Earlier this year, Georgia representatives modified the laws on bullying and expanded the definition. Under the new rules, each local school board is required to adopt bullying policies for its schools, establish a process for determining whether bullying has occurred and give notice to parents.
The change in state law came on the heels of an 11-year-old boy's suicide last year. Jaheem Herrera was a fifth-grader at DeKalb County's Dunaire Elementary School who committed suicide in 2009 after repeated incidents of school bullying.
The state's plan calls for school systems to ban bullying at all schools, not just grades sixth to 12th, and include age-appropriate consequences.
Gainesville and Hall County systems, along with others across the state, will be required to have a new policy in place by August.
The Georgia Department of Education has found there are cases of bullying in the area, with the highest number of incidents occurring in sixth grade.
According to the 2010 Georgia Health Survey II, about 7 percent of Hall County sixth-graders reported they have been bullied one or two days over the last 30, and the percentage decreases as kids get older.
The Gainesville survey shows similar results, with 8.5 percent of sixth-graders reporting being bullied one or two days over the last 30.
Sargent said because most bullying happens clandestinely, in bathrooms or in the hallways between classes, it can be difficult to monitor. Gainesville officials say many of the incidents occur on the bus or at bus stops.
In school buses, victims of bullying have few places to retreat to, and they often have no choice but to ride the bus. Helton said this was a problem for her son, and many of his run-ins with bullies occurred on the ride home from school. To curb the attacks, the bus driver has her son sit up front, where he can be watched more closely, Helton said.
Sargent said school bus stops are considered school property, and bullies can be subject to the school's discipline code.
"The difficulty is defining ‘What is the bus stop?' They may be dropped off at a stop but walk to their house. Like so many things in life it's black and white until its grey," he said.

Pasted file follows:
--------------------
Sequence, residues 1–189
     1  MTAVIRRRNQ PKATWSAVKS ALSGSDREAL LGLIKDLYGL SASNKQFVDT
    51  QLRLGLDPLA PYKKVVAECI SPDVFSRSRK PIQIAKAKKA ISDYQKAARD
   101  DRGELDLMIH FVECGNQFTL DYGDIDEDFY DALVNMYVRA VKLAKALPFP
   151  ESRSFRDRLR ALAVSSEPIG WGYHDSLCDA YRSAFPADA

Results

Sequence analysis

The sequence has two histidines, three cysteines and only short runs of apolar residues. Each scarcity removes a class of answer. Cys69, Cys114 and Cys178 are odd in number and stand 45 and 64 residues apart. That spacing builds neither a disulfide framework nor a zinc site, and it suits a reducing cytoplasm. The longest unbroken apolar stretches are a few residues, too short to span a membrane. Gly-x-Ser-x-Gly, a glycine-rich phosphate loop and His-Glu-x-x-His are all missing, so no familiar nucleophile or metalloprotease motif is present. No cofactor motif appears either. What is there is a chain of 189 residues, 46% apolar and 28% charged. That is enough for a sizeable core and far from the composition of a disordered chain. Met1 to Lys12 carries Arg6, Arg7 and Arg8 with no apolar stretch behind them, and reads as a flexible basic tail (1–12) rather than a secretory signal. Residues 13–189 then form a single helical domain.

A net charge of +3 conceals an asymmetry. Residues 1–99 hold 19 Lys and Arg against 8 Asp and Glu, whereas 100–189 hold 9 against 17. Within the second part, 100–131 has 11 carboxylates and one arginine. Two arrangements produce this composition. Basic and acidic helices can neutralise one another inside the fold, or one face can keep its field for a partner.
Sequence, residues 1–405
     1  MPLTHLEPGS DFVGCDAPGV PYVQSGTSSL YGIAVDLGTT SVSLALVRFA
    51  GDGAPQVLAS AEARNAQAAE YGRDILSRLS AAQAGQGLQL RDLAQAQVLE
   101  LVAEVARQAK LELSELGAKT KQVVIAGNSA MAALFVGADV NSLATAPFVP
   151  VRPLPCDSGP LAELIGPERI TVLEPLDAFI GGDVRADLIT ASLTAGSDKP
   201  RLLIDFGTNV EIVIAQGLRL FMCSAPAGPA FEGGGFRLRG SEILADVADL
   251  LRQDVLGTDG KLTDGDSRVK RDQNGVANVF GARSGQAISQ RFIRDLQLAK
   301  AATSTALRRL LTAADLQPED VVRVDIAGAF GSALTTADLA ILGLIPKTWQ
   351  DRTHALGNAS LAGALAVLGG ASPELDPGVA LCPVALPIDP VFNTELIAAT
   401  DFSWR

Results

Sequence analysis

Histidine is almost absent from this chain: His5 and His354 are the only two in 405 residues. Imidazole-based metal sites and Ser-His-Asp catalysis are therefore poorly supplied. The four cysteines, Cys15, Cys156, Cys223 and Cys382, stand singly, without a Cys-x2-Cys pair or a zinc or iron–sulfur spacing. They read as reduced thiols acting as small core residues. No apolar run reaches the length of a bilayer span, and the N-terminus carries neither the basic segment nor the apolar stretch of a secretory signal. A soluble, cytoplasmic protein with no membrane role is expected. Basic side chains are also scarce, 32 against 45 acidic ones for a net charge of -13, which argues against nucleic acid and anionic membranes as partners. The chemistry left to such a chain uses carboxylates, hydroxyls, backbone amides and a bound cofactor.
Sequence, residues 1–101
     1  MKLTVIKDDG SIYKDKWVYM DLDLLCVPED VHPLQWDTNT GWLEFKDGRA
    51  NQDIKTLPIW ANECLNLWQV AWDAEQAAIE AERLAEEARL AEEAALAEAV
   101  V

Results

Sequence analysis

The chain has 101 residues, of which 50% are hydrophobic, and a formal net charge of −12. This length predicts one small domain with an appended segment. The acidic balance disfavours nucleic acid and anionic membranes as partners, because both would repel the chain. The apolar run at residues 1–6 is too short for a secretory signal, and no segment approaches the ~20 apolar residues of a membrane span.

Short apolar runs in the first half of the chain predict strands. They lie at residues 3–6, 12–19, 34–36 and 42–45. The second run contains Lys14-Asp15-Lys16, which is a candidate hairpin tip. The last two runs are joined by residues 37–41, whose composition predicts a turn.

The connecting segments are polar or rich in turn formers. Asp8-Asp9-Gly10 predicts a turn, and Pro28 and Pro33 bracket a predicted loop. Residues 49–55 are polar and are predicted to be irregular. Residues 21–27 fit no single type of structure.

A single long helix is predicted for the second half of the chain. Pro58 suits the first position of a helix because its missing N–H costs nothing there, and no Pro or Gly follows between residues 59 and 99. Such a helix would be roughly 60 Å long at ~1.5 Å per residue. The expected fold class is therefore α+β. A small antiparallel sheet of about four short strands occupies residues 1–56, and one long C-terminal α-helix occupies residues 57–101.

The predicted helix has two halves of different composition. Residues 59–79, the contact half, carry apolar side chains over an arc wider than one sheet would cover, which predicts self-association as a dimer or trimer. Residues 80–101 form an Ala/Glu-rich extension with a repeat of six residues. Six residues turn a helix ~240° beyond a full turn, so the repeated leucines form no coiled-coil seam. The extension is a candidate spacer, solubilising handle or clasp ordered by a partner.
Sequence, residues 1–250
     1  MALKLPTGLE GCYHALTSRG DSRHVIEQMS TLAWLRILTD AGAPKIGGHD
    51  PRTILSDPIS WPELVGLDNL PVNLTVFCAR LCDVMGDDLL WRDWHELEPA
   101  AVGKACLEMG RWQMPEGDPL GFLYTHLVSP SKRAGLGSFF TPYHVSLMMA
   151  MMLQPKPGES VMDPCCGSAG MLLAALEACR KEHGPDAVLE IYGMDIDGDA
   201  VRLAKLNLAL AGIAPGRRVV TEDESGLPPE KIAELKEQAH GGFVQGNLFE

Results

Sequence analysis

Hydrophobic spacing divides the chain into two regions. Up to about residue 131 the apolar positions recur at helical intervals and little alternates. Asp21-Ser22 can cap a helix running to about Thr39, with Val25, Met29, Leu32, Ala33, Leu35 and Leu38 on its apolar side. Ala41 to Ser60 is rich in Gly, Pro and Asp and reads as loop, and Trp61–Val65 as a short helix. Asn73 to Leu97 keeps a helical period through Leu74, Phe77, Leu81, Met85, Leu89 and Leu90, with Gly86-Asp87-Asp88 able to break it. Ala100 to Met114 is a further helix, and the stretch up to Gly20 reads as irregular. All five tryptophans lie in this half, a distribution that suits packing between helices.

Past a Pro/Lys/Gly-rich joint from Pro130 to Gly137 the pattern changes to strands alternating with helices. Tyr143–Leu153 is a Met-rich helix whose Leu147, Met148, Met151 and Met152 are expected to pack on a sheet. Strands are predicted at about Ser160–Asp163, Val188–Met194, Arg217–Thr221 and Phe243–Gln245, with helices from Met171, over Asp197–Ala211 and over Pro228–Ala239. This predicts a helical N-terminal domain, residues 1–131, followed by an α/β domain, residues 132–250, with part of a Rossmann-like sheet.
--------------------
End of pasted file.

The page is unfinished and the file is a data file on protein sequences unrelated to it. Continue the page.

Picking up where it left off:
Dee Dee Mize, executive director of Family Ties in Gainesville, said bullying is increasingly understood as a form of trauma that negatively affects an individual's confidence and ability to make friends. Educators like Mize believe bullying and other forms of violence can be reduced by encouraging character building and empathy at a young age.
"We teach kids how to squash out negative influence like peer pressure and build their self-esteem. We want to give them the confidence they need to stave off any bullying attempts," Mize said.
Every week, Mize teaches an after-school program through YMCA at middle and elementary schools in Gainesville and Hall County. The students are encouraged to role play different situations related to bullying and are taught to embrace their differences.
"Over two or three classes, I see changes happening. Sometimes students just need someone to listen to them," Mize said.
Area schools also are trying to stay up to date on new research and will introduce speakers or experts to coach staff on anti-bullying strategies. Last year, the Hall County system invited Dr. Russell Sabella, author of "GuardingKids.com: A Guide to Keeping Kids Out of High-Tech Trouble," to meet with staff.
"We've been careful to stay current with information," Sargent said. "These issues we talk about can morph so dramatically. That's why we update year after year because you can fall behind really quickly."
Experts say it's important for parents to pay attention and watch for changing behavioral patterns at home.
Sargent advises parents stay in regular contact with their child's school.
"Even if your child is an honor student and things are going beautifully, you should be meeting with their counselor twice a year minimum," Sargent said. "These problems are so complex, so pernicious and so global, that it really is that ‘takes a village' concept to address it."